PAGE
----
Just as the players on the Chiefs aspire to make the big leagues for parent club the Washington Nationals (or perhaps another, better team), so does Alliance Stadium seem to aspire to be something better. Caught between trying to serve up a major-league calibre experience and the corny promotions of minor-league ballparks, its brand is less certain than other parks. You score a box seat for $10 only to fork over $5.50 for a midrange beer. Most nights the crowd is small and even the exhortations of the scoreboards and announcers can’t lift it. As a bonus, the stadium sits near the mythical site of DestiNY USA, a much-promised mall/theme park/pipedream sold to transform the region if only its owner could get anyone else to pay for it. So the ballpark, the team, the city looks to break out of its own identity issues. Like many parts of Central New York itself, Alliance Stadium has potential with an eye cast towards opportunities for improvement.

Falcon Park: Little Leaguers on the field for the National Anthem? Sure.

Falcon Park: Little Leaguers on the field for the National Anthem? Sure.


In a word: Community.

Most Doubledays players don’t have much of a shot of making the majors. The cheesy between-inning fare includes arm-wrestling contests, racing a mascot, musical chairs. Little Leaguers take the field with the players for the National Anthem. Its most popular promotion is Dollar Beer and Hot Dog Night on Thursdays. That these are all embraced by the ballpark, the team and the community show everyone remembers baseball is more than just a game. I attended a Doubledays game a couple days after a Chiefs contest, and the latter had a larger, livelier, happier crowd. I sat with someone from Auburn and ended up getting upgraded to box seats right behind the home dugout. Most regular Doubledays fans know half the crowd in the ballpark. Folks ask each other how the kids are doing, how work was this week. Going to a Doubledays game is like attending a community picnic … one that happens to include a baseball game.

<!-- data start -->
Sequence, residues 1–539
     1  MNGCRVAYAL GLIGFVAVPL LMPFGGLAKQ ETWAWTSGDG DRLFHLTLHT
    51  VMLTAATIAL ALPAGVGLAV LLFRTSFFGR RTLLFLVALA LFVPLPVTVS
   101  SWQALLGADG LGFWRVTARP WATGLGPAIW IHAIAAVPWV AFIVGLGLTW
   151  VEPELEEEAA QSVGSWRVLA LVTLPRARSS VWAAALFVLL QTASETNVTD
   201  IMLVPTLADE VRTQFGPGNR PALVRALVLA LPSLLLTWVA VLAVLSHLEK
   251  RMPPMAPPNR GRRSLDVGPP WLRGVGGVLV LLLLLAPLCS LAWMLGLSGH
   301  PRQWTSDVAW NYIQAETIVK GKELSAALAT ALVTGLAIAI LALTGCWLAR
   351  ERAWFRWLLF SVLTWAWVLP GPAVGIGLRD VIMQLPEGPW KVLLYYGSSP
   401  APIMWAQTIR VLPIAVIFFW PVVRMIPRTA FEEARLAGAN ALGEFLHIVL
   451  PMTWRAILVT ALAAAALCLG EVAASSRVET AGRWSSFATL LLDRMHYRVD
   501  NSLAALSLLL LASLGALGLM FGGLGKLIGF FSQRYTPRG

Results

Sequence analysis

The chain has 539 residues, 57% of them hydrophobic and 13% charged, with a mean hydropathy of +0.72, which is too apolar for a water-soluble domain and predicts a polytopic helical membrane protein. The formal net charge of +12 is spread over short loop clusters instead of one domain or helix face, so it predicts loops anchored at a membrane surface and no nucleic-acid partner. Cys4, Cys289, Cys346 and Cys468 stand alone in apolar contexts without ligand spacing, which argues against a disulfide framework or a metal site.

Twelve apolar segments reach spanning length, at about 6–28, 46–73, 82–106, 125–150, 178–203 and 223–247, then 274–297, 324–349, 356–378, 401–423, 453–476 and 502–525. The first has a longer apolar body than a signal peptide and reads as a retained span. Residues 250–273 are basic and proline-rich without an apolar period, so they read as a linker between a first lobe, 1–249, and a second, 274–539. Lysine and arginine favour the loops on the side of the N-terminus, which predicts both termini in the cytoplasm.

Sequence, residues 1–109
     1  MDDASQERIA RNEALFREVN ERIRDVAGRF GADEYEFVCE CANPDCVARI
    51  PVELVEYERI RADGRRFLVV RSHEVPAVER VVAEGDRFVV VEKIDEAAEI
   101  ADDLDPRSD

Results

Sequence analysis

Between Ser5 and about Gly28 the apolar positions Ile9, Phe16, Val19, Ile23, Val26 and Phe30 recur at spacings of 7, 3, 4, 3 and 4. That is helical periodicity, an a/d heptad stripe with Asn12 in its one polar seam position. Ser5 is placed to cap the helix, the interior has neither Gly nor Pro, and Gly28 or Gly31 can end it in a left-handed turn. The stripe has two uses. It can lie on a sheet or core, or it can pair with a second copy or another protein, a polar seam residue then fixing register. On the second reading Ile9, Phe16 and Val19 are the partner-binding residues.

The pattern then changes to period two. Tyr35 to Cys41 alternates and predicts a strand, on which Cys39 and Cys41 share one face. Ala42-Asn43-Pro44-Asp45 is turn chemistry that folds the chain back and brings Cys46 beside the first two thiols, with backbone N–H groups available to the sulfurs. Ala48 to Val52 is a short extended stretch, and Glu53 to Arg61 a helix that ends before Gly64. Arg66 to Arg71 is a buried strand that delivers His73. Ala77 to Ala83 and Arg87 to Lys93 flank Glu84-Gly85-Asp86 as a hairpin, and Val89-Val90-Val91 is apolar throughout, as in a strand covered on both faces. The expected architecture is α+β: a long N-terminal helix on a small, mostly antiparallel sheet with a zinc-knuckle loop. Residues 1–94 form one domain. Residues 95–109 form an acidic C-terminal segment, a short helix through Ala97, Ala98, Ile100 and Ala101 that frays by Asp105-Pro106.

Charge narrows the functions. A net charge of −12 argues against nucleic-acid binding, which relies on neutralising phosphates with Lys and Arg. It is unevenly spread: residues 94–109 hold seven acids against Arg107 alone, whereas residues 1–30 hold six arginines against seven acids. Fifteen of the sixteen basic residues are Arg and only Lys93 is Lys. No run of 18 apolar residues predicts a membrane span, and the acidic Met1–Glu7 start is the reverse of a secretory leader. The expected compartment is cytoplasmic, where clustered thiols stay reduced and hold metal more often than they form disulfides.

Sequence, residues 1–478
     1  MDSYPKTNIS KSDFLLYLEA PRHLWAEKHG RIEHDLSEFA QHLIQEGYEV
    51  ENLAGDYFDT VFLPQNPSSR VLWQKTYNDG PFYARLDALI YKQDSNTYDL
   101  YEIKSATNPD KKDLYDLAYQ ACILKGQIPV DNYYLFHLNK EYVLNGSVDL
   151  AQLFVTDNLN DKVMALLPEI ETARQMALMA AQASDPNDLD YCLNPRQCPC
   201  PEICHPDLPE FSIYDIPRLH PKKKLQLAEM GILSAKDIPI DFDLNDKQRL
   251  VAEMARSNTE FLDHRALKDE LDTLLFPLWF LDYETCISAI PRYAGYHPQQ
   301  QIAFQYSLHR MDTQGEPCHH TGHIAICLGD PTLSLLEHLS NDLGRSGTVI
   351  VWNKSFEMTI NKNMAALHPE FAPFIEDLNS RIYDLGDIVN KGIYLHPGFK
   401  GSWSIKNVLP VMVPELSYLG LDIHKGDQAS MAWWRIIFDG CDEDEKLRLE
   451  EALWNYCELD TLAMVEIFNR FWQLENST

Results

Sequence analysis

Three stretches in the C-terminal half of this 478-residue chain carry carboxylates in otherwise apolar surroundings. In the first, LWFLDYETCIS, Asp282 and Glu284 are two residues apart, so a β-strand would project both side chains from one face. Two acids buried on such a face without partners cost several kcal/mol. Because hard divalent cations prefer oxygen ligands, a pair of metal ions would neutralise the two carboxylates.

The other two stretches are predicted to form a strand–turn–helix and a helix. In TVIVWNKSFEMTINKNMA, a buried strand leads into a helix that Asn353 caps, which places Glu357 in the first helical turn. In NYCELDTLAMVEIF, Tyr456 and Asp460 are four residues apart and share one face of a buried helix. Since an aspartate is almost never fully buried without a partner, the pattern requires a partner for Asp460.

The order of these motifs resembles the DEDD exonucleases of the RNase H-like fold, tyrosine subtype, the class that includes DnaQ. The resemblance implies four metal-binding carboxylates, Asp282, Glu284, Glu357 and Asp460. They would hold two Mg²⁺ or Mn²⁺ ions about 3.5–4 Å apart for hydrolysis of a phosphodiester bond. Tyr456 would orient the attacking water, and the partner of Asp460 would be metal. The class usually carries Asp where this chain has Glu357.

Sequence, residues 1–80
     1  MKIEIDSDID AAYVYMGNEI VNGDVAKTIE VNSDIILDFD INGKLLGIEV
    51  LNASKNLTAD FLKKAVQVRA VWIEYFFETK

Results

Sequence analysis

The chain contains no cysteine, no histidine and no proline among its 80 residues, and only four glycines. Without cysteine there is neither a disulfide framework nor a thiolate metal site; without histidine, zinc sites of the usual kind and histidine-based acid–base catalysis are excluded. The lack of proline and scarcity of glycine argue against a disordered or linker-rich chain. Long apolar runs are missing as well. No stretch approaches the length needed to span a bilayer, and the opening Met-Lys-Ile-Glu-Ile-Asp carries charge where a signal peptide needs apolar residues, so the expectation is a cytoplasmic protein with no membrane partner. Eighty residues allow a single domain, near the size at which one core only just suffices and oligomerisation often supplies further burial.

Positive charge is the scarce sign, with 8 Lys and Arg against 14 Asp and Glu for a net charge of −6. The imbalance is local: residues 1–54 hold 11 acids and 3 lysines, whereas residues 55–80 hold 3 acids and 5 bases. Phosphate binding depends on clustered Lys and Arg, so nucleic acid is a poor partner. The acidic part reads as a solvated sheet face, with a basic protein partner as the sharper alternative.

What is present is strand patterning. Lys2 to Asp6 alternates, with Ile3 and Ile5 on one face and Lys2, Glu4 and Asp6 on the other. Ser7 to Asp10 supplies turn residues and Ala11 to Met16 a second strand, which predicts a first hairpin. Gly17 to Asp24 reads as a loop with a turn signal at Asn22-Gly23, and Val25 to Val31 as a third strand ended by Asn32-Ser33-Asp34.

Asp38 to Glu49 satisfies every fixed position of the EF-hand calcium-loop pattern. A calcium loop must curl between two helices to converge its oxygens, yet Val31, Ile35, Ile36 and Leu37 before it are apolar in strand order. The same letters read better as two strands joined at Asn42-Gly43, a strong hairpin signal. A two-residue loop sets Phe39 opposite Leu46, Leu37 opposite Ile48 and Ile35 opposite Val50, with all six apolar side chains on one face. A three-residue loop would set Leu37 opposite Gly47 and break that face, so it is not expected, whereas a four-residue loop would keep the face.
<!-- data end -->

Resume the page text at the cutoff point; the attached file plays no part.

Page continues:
Intentionally or unintentionally, stadium experiences say a lot about both a team’s business ethos and the community it calls home. If you’re involved in any kind of brand marketing, what do your environment and customer experiences say about you?


Filed under writing

do teens know academic jargon?

OK, it is possible someone somewhere will come to your Web site looking for buzzwords that mainly make sense to a well-studied insider. Or maybe there’s a mysterious Prize Patrol that hands out grants to schools with the biggest helping of academic jargon and highest Gunning Fog Index.

But, if you work at a college, it’s much more likely that teens (and parents) will come looking at your Web content. They will seek more prosaic, if practical, answers to questions like: 1) How is your college right for me? 2) How will it get me a job (or, if you prefer, provide a better life) after I graduate? and 3) How much does it cost?

While much ink and bandwidth is burned in an overhyped pondering of whether teens don’t tweet, of greater interest should be ensuring our own Web pages meet the needs of potential students. This means speaking the language they use, not the cant of conferences and symposia. (And, for God’s sake, please don’t expect teens to know or care what symposia are.) Put your mission and vision statements on your office wall if you want to remind yourself of their importance; but don’t put them at the top of your page until we find someone who’s actually chosen a college or major because of a mission or vision statement.